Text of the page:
‘Polar Coaster,’ Slowing Economy Could Hike Fuel Costs
With winter winds starting to blow across much of North America, APPI Energy is offering its analysis of the likelihood of severe cold weather and other factors that could impact fuel costs through the first quarter of 2020.
Weather-wise, the article notes the possibility of a back-and-forth mix of warmer weather early in the winter, followed by much colder weather later. This “polar coaster” prediction flows from weather phenomena, including this year’s neutral El Nin͂o, a lack of sunspots and low sea ice. All these are signs of a warmer winter, the article said. Less severe winter weather could reduce propane use by 15%, heating oil by 4% and natural gas and electricity use by 1% each. A Polar Vortex – a mass of swirling cold air centered in the polar regions – is likely to hover over the North Pole early in the winter, then release severe winter weather on the North/Central Plains and Upper Midwest later in the winter. This could drive up fuel use and costs based on higher demand.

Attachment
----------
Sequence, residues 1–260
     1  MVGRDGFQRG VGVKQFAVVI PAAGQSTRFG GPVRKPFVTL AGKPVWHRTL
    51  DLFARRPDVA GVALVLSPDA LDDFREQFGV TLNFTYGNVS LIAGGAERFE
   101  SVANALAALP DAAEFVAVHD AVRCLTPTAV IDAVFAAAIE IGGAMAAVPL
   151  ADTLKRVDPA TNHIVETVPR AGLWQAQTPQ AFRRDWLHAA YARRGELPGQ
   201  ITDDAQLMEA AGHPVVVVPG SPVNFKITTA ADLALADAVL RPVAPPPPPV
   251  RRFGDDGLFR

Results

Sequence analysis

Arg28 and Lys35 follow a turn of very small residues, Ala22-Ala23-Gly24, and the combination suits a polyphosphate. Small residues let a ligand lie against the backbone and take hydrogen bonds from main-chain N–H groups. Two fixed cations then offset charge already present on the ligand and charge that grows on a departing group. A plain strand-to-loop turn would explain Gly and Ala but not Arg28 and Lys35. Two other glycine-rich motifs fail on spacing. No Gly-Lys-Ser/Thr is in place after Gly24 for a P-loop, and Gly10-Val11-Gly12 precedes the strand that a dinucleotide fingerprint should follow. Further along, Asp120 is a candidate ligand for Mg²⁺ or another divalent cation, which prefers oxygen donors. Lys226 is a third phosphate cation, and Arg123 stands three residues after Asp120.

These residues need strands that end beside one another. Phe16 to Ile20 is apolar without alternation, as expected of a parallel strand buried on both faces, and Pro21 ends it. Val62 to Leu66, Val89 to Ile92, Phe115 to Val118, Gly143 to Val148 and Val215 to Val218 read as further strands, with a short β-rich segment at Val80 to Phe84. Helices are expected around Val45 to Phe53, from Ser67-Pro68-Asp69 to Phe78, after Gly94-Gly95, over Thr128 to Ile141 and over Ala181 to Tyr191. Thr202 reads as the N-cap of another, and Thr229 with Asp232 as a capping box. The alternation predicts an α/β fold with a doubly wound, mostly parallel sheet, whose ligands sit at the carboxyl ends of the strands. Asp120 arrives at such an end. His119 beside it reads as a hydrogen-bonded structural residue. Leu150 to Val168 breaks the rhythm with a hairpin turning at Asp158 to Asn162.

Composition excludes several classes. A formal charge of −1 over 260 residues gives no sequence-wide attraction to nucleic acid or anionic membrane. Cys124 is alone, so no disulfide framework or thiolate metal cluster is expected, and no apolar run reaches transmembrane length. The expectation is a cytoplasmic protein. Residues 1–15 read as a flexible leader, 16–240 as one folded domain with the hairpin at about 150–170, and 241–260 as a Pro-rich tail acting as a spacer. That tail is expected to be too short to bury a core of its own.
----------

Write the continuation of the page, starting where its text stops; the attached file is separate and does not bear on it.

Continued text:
Another factor in fuel costs, use and production is the economy. The Conference Board’s recent survey of CEOs and CFOs showed third quarter confidence levels at 34, which is the lowest mark since the Q1 2009 score of 30. A reading of 50 or above reflects more positive than negative sentiment in the survey.
A weaker economy could affect prices by discouraging natural gas and oil producers from investing in new production facilities. Related factors that could impact these investments include tariffs and trade issues that tend to reduce growth. Should the economy worsen, “A recession would likely dry up capital investment further for energy companies, such as investments in natural gas rigs and pipeline maintenance, causing prices to spike,” the article said. Click here to read the full article.